Category Archives: Honeybee & Human

Wonder and Awe: The Honeybee Worker, Part 1 of 2

Queen Bee

There are three castes in the honeybee world: queen, drone, and worker. There is typically only one queen per colony. The rest of the female honeybees are called workers because they do all the work. The queen lays eggs, end of list. The drone provides sperm, end of list. But the workers’ list never seems…

Almonds without Honeybees?

Almond Genetisist

Geneticist Craig Ledbetter examines a self-pollinating almond selection in a California test plot. Here’s one thing I thought I knew absolutely: almonds require honeybees for pollination. Well, it turns out I was almost correct. Eighty percent of the world’s almond crop is grown in California on more than 600,000 acres. That’s where the best attributes—long,…

Honeybee’s Indolent Dawdling Deliverer: The Drone

Male honeybees are called drones. Let me just drone on about them for a while. Drones are insects, not to be confused with the high-tech gadgets used to spy on you in modern times. Honeybee drones are good for only one thing: passing their mother’s genes on to future generations. This is no exaggeration. It…

To the Almonds! It’s Super Bee!

The netting might be relatively opaque and difficult to see through, but you can be sure that there are millions of living honeybees riding on the trailer. When the truck says something about honey, bees, or apiaries, what’s riding is probably live insects. (Photo by Hackenberg Apiaries, used with permission from Dave Hackenberg, commercial beekeeper.)…

The Honeybee Queen

The honeybee is an amazingly popular topic of conversation among the general public these days—even starring on the cover of Time magazine in 2013. No one is more acutely aware of this than beekeepers like myself. In any given audience, all I have to do is mention I’m a beekeeper, and I’m pretty much guaranteed…

Bee Safe Neighborhoods

By Donald Studinski, based on original text by David Braden, Director of Living Systems Institute Living Systems Institute (LSI), a non-profit operating in Golden, Colorado, and Honeybee Keep, a commercial beekeeping business operating in Broomfield, Colorado, have joined forces to sponsor the Bee Safe Neighborhoods program. We pose this question: “Do you want a healthy…

Beekeepers Need a Living Wage

Don Studinski works the bees for customer Jamie Ngo. This colony is called Sugarloaf 13. Jamie pays an annual pollination fee which helps keep the beekeeper alive. (Photo by Jamie Ngo) I love my fellow beekeepers. Of course we disagree on small, unimportant details, but overall this is a wonderful bunch of people whose hearts…

Your Backyard Garden Is Killing Honeybees!

DDT advertisement circa 1947 from Pennsalt Chemicals. In a recent article for the American Bee Journal, Ron Phipps writes: […] it is becoming increasingly clear that the widespread use of neonicotinoids on agricultural crops is a major factor [for annual honeybee losses.] The manufacturers of these pesticides, like the manufacturers of tobacco products in an…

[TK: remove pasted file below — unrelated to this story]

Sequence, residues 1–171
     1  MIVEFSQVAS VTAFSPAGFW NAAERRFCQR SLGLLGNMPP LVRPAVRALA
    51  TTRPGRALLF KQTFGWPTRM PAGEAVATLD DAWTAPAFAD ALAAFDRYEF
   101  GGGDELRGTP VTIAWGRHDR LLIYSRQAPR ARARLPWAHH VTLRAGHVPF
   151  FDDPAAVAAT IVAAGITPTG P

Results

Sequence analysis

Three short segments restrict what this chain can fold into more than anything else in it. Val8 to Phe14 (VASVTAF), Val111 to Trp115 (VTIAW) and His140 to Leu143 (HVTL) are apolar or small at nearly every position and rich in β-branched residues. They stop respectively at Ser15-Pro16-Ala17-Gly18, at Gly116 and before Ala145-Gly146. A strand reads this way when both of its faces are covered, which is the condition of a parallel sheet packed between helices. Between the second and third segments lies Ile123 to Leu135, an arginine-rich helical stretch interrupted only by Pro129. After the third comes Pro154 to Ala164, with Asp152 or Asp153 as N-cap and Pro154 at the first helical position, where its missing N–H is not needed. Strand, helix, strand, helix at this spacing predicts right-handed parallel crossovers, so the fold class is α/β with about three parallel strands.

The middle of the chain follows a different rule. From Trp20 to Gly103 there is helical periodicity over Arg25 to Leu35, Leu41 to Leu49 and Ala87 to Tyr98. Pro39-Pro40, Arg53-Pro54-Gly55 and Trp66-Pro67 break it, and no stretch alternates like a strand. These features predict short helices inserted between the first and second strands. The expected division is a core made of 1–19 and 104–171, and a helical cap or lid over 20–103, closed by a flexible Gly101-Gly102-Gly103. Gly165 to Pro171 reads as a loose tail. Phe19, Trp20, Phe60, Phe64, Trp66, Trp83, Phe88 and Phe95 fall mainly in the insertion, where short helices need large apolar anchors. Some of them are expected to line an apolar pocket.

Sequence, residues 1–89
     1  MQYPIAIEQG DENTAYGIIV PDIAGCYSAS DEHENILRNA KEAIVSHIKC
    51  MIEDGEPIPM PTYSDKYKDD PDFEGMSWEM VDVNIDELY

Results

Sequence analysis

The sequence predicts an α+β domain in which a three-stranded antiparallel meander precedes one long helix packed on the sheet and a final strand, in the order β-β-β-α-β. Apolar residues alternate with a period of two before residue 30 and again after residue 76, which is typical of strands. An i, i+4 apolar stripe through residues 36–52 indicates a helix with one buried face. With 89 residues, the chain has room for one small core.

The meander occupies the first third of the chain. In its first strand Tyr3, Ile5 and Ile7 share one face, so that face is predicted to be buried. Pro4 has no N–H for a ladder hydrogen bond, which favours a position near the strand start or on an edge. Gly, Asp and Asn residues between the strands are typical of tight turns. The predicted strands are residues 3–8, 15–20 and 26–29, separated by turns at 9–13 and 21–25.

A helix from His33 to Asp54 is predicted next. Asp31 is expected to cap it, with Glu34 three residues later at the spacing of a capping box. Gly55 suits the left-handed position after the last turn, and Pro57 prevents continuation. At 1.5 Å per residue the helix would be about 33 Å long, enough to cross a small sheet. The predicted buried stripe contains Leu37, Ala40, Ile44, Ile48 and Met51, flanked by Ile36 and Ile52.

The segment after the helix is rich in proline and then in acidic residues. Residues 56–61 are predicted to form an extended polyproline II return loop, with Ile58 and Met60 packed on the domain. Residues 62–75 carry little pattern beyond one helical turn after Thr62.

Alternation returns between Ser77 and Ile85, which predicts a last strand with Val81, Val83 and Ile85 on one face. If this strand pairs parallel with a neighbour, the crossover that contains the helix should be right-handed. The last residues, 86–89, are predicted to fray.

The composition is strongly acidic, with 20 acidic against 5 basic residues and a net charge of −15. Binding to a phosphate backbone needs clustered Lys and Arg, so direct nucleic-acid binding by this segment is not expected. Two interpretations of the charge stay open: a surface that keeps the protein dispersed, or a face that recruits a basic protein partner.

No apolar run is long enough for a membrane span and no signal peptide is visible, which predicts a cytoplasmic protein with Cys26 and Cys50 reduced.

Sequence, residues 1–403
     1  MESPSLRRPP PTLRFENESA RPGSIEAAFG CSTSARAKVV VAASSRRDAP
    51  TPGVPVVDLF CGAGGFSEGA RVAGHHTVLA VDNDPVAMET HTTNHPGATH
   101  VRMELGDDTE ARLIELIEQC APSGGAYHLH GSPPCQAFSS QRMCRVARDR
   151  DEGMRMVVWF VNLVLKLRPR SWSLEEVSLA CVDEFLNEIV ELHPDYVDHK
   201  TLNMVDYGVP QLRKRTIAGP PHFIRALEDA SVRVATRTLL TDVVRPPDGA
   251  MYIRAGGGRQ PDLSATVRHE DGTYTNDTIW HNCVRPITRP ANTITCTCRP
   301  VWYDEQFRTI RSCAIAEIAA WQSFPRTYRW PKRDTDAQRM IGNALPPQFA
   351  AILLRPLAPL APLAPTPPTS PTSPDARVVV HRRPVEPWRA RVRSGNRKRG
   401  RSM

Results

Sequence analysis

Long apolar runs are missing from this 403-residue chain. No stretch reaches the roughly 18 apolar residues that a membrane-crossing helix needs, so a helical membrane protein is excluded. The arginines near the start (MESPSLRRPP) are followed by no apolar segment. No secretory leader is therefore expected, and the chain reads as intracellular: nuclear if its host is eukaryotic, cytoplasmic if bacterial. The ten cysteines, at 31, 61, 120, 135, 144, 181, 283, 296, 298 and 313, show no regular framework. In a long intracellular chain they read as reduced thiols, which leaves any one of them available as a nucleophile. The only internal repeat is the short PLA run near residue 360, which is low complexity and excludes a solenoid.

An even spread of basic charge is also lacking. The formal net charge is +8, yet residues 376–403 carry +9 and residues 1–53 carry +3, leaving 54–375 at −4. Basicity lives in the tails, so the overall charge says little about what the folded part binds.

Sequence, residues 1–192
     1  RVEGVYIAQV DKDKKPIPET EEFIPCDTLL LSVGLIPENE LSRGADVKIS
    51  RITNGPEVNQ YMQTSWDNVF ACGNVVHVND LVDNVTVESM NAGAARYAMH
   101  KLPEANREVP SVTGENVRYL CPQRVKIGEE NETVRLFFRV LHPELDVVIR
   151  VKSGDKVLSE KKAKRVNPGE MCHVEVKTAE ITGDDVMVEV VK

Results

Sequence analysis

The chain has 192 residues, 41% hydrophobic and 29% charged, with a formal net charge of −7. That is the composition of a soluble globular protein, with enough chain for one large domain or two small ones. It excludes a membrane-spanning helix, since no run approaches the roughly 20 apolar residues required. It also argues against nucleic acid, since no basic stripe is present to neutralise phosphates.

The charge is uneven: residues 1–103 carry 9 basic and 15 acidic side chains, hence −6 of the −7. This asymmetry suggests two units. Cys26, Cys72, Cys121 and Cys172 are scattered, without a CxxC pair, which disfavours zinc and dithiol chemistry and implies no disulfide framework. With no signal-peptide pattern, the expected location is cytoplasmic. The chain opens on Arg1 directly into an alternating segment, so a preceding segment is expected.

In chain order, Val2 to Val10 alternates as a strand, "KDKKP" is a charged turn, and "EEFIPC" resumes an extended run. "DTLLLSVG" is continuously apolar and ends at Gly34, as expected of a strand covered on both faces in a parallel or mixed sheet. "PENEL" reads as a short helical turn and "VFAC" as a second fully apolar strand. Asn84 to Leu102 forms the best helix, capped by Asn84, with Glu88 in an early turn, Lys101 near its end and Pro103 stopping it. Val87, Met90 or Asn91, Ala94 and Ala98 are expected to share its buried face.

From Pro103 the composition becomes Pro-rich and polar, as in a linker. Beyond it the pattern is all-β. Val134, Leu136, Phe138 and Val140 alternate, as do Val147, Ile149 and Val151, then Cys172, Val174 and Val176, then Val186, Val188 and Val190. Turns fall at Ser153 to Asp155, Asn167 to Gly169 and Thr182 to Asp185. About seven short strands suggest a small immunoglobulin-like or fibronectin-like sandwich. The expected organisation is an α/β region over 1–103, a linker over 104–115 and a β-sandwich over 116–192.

Silent Sting: Plight of the Pollinators

Spraying poison on almonds

In the middle of an almond orchard, a tractor sprays the trees in bloom RIGHT NEXT to the honeybee hives. Of course, it must be lemonade they are spraying, right? They would never spray insecticide or fungicide right next to the hives, right? As far as honeybees are concerned, what happens in Southern California early…

Is Honey Safe for Sugar Sensitive People?

Perfectly balanced in glucose and fructose, honey is exactly what the liver needs to reduce blood sugar spiking. In my social circles, this is such a fundamental belief that I thought I knew exactly what I was going to write about—until I looked at the research. I was shocked to find counter opinions. Should a…

Deep Freeze, Honeybees, and You

Within the cluster in the hive, honeybees maintain a temperature between 92°F and 95°F year-round. They do not hibernate. They do not migrate. They hunker down and create kinetic heat by vibrating the same thoracic flight muscles that normally beat their wings. They are able to detach the wings and vibrate to produce heat even…

21st Century Health Challenges for Honeybees

Honeybees have it pretty good. They play an essential role in maintaining the environment for all living creatures. Their food and water is “provided” by Earth at no charge. Their wings are conveniently designed to help them gather food. Honeybees can also find readily available shelter at no charge, building their comb in any appropriately…

Honeybees Can Dress Your Wounds—And More!

Before penicillin, Dr. Mercola points out, honey was a conventional means for preventing and treating infection. Now we know why. Raw honey not only kills infectious bacteria, it also reduces the biofilms they produce. Raw honey is the stuff you get from your local beekeepers, including (shameless plug) Honeybee Keep. This is far superior to…

Honey as Cough Suppressant

Specialists at the American College of Chest Physicians report that cough syrups don’t work. If anything, these products may have a negative impact on your health. Popular cough syrups include expectorants to increase mucus flow and decongestants to decrease mucus flow. They also include dextromethorphan (DM) to suppress a cough by shutting down the reflex…

The Honeybee Health Connection

Honeybees—directly or indirectly—are responsible for one third of everything you eat. These lovely little insects supply our diets with a great deal of our nutritional needs, as well as diversity and pizzazz. Do you like kiwis? Thank the honeybee. Do you enjoy cashews? Thank the beekeeper. Are you fond of watermelon? Thank them both! Honeybees…